Despite the utilities available to the Archive-It user, scoping of web collections can be quite challenging. As an example, below is a snapshot of the top results from our first production crawl, a one-time crawl of 3 days on all 8 of our seeds:

Report of URLs from Archive-It

The report lists the number of URLs collected for each host (which you will recall includes the hosts for our seed sites as well as hosts for embedded content). By default the report is sorted by URLs, but the two hosts at the top of the list on the left, and, are also at the top when the list is sorted by data and queued documents, finishing with about 500k and 4.7 million queued docs respectively. This is surprising, given that all other hosts in the crawl finished with no queued documents, but, as we learned during this project, it’s hard to guess how much data any one seed will bring in. Nevertheless, 4.7 million URLs is a lot of URLs, about 67 times more documents than we crawled during our 3-day crawl, and thus way more than we could hope to crawl in a semester. Even if we could collect that many documents, assuming the data scaled in proportion we would be looking at about half a terabyte of data for just one host.

A little detective work helps here. Looking more closely at, we see that the specific forum we were trying to crawl reports having 163995 posts in 5356 threads. This means that we have both not crawled enough URLs, but also queued too many documents. So what is going on?

In order to understand what is happening, it helps to have a basic idea of how a web-based forum is constructed. Much like a wiki, a web forum is not stored as a collection of web pages, but is a database-driven, dynamically generated website. Posts live in a backing data store and are displayed to website users through scripts. (Note that a web crawler does not preserve the underlying architecture of the website it is crawling, but only the web pages that are loaded when it visits a URL.) For example, take a look at a typical URL from below:;sb=post_time;so=DESC;forum_view=forum_view_collapsed;guest=53819654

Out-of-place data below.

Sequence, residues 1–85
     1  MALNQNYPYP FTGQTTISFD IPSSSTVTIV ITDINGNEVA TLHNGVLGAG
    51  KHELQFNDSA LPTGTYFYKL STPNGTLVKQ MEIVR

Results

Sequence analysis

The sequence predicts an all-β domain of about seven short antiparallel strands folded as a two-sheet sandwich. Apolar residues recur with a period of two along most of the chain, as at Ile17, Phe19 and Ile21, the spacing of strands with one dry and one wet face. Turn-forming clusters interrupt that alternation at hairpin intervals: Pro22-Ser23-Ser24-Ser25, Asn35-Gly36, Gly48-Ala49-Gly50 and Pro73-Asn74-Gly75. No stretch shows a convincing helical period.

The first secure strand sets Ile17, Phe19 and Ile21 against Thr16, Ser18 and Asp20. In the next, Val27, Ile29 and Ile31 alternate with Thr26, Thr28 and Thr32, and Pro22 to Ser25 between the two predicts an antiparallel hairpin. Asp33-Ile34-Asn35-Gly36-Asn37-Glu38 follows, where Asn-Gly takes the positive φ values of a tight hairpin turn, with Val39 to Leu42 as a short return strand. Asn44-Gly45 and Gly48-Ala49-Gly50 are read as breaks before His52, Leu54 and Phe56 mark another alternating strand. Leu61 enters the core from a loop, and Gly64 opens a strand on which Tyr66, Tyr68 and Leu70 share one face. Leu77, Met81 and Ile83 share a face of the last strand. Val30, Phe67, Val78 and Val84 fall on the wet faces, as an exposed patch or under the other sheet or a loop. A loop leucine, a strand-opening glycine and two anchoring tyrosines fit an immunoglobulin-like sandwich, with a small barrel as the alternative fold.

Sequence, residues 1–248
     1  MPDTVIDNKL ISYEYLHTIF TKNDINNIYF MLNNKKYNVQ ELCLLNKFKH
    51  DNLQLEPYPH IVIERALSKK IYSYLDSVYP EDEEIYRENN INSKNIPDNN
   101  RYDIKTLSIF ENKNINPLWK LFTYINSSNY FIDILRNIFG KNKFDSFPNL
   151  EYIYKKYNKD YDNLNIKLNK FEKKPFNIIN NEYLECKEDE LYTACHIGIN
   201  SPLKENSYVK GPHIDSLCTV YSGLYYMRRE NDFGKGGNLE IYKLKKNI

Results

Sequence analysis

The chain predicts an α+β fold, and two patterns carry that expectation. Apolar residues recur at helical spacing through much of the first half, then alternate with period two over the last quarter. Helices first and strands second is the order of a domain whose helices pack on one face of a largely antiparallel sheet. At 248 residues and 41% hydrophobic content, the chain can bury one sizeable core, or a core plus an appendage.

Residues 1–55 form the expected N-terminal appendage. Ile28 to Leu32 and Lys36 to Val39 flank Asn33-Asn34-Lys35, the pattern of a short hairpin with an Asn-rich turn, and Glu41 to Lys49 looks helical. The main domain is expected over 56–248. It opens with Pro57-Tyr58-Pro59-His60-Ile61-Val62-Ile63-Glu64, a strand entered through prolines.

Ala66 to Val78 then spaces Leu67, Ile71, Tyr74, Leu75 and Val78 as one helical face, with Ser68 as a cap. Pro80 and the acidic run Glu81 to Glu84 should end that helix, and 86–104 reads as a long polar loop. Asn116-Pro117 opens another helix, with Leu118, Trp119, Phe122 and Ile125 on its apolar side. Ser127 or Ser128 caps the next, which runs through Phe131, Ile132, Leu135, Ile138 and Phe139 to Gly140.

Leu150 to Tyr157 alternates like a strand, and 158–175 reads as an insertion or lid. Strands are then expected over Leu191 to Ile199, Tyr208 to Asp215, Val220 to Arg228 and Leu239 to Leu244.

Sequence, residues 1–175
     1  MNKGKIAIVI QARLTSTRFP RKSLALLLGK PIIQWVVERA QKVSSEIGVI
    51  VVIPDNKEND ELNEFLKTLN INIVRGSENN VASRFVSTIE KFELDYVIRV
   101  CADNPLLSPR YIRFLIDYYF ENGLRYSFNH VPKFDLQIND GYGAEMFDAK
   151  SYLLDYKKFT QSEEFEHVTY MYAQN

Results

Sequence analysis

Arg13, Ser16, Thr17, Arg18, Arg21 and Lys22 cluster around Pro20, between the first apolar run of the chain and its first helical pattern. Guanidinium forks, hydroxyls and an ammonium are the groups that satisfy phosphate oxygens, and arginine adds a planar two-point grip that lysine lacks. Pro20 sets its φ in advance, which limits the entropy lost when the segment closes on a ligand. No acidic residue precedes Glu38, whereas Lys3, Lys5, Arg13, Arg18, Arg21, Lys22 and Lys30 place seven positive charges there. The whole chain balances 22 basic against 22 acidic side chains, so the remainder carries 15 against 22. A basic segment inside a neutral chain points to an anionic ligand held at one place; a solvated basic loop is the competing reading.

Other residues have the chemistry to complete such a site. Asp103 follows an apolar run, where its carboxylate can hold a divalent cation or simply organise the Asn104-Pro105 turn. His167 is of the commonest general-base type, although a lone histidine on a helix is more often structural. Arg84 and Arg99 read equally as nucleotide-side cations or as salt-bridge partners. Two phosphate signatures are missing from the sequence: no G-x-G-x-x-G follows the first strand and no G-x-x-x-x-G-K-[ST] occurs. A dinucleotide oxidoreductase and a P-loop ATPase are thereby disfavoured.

If you are unfamiliar with dynamically generated web content, what we see here is a URL that points to a script “” Everything after the “?” is an argument to gforum.cgi. We can guess that “post=528337″ means load post number 528337, “sb=post_time;so=DESC” means sort by post time in descending order, “forum_view=forum_view_collapsed” means display the rest of the post in the forum in a collapsed style, and “guest=53819654″ means that we are browsing the forum as a guest with a particular session ID.

As mentioned above, Heritrix is designed to scope to the directory level of your seed. This means that anything not falling under “” is considered out of scope. Unfortunately, because of the dynamic nature of the site, everything falls under the same directory and only the trailing arguments change.

Here’s how the original page looks in a web browser.

Screenshot of

Just looking at the page one can identify some potential problems for the web crawler. One is the “Forum Nav” frame that appears on every page. In addition, other navigational links appear above the forum text. This means that starting with the seed:

the crawler gives us not only everything in forum #17 (Movie Discussion: The Hobbit), but also everything else linked to in the side nav:


Luckily, as mentioned before, Archive-It gives us a way to limit crawl scope using scoping rules. Here are the scoping rules we used for our crawl:

Scoping rules we used for our crawl

They might be a little hard to read, but the gist is that we blocked all URLs that matched any of the forums in the side nav. (Regex-savvy readers will probably note that these rules could be more concisely expressed as a single regular expression. This is just how they evolved over time.)

So why do we have at least 4 million extra documents in our queue?

To answer this question we have to dive into the data. Archive-It lets you download lists of crawled, queued or blocked URLs as text files that you can put into the data analysis tool of your choice. Since I needed to sort URLs and match them against patterns for this analysis, my tool of choice was a Perl, a scripting language that is useful for text manipulation.

  1. Did we get the scoping rules wrong? No. Only one URL in 4.7 million came from a side nav forum (and that is probably because I left the trailing “;” in the regex rules.)
  2. Did we miss some forums with our scoping rules? Yes, but that only accounts for about 11k of the crawled or queued URLs.
  3. Did we collect 4 million images? No. Only about 200 of the URLs link to forum post attachments, which resolve to images, and no .jpg, .png, or .gif files are in the list.